Best Flexible Solar Panels for RVs in 2019 (Top 5 Reviews with Comparison)

When living the RV life, one thing that you always have to think about is power.

Since you aren’t always guaranteed to have an outlet to plug into, it’s necessary to bring as much energy as possible with you so that you can still use everything inside your mobile home.

Fortunately, solar technology has advanced to the point where you can attach flexible panels to the roof of your RV, saving you the headache of having to bring extra batteries wherever you go.

Today we’re going to look at some of the best solar panels, as well as go over how to determine your power needs, as well as how to utilize your power source as efficiently as possible.

Although you probably can’t become 100% self-sufficient, it’s about as close as you can get.

COMPARISON CHART

IMAGEPRODUCT
 SUAOKI Solar Charger 60W review1. SUAOKI Solar Charger 60W Portable Solar Panel
  • Durable construction
  • Folds for easy storage
  • Can be mounted if necessary
  • High-efficiency model
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 Genssi 4x 100W  review2. Genssi 4x 100W Mono Flexible
  • 100-watt output
  • Pre-drilled holes for easy mounting
  • High-efficiency design
  • Rugged and durable construction
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 ACOPOWER 120W review3. ACOPOWER 120W Portable Solar Panel
  • High-energy design
  • Portable and deployable
  • Folds for easy storage
  • Produces up to 120 watts
LEARN MORE
 ALLPOWERS Solar Panel review4. ALLPOWERS Solar Panel 100W 18V 12V
  • Highly efficient model
  • Produces 100 peak watts
  • Can bend up to 30 degrees
  • Durable construction
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 BougeRV 100W 18V Solar Panel review5. BougeRV 100W 18V Solar Panel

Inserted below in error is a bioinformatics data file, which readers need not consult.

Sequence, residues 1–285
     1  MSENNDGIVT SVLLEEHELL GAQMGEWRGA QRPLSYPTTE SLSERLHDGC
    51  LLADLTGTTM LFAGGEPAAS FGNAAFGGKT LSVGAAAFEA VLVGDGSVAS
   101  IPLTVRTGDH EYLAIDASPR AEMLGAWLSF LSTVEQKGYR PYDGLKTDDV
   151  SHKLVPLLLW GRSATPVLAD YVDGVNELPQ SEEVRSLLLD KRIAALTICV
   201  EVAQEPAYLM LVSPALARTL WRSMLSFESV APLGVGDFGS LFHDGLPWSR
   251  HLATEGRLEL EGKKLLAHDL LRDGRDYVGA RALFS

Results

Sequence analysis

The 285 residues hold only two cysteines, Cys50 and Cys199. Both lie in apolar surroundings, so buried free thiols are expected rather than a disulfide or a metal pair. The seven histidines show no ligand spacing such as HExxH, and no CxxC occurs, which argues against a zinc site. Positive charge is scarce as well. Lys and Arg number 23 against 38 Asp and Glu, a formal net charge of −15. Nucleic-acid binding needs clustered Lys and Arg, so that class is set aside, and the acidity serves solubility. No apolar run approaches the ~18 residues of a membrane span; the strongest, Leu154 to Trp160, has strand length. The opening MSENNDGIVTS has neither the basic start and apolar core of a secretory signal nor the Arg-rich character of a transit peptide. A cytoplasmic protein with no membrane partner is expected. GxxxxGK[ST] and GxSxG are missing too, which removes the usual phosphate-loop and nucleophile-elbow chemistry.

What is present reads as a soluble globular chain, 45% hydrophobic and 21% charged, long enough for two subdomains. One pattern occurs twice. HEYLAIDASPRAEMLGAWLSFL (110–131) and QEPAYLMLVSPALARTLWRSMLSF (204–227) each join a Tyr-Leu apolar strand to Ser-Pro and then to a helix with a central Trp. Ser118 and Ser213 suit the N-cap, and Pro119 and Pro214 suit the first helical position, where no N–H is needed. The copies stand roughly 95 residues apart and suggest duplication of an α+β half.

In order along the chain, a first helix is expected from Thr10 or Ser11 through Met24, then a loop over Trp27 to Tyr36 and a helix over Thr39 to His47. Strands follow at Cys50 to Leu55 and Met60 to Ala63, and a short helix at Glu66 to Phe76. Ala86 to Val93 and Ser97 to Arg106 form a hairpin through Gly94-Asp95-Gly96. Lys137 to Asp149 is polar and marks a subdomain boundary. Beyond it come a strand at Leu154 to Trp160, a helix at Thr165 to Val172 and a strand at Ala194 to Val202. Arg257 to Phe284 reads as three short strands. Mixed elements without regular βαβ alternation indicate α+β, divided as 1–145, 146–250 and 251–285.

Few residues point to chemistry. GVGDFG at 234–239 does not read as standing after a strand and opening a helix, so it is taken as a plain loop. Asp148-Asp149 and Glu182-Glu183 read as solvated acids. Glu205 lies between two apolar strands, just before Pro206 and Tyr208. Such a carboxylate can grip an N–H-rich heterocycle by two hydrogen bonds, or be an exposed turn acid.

• Durable design
  • Flexible for easy mounting
  • Ultra-thin unit takes up less space
  • 100 watts of power
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OUR TOP 5 PICKS

#1 SUAOKI Solar Charger 60W Portable

 SUAOKI Solar Charger 60W review

Specifications

Product Dimensions

11.5 x 2.9 x 7.1 inches

Item Weight

4.54 pounds

Manufacturer

SUAOKI

Features

  • Durable construction
  • Can be mounted if necessary
  • Suitable for sensitive electronics
  • Folds for easy storage
  • Delivers 60 watts of reliable power
  • Can be deployed anywhere

When comparing different solar panels for your RV, you will notice that there are mounted and portable versions. Each type provides its own benefits and drawbacks, but I would recommend both if you’re serious about utilizing solar power on the road. Let’s see what this panel can do.

60-Watt Output

Although 60 watts doesn’t seem like much when you look at your different appliances, it’s perfect for charging sensitive electronics like your phone, tablet, or laptop. Considering that most of us carry these devices on us at all times, having this kind of power is useful.

Another reason this panel is so reliable is that it provides 60 watts of energy consistently. Other models only have a peak rating, which means that you have to assume that you get less. That’s not the case here.

Foldable and Portable Design

Although you could mount this panel to your RV, it works so much better as a portable unit. It folds up into a case so that you can store and carry it much more easily, making it a suitable charging option wherever you are.

Also, the benefit of being portable is that you can deploy it where there is the most sunlight, making it even more reliable.

  • WHAT WE LIKE
  • WHAT WE DON’T LIKE
  • PROS/CONS OVERVIEW

Although this panel isn’t necessarily suited for charging your RV batteries, it’s a highly efficient option for making sure that your devices are fully charged at all times. Coupling this panel with other mounted options on your rig can give you greater flexibility overall.

Video

#2 Genssi 4x 100W Mono Flexible Photovoltaic

 Genssi 4x 100W  review

Specifications

Product Dimensions

40.2 x 1.2 x 26.4 inches

Item Weight

19 pounds

Manufacturer

GENSSI

Features

  • 100-watt output
  • Pre-drilled holes for easy mounting
  • Dissipates heat to work even better
  • High-efficiency design
  • Rugged and durable construction
  • Can withstand high winds and snowfall

Although this particular model is not flexible, it’s worth it to pay attention to “traditional” polycrystalline panels. These units are some of the most reliable and efficient options out there, so let’s see how it can help your RV.

Efficient Polycrystalline Material

Because you don’t have to worry about flexibility, rigid solar panels are generally higher efficiency than bendable models. Polycrystalline is not as high-quality as monocrystalline, but it still gets the job done well.

25-Year Limited Warranty

There’s a reason why flexible solar panels don’t have this kind of warranty on them - because they break down faster. ETFE film is easy to install, but it can rub off and wear out quicker. With this panel, you don’t have to worry about that for a long time.

  • WHAT WE LIKE
  • WHAT WE DON’T LIKE
  • PROS/CONS OVERVIEW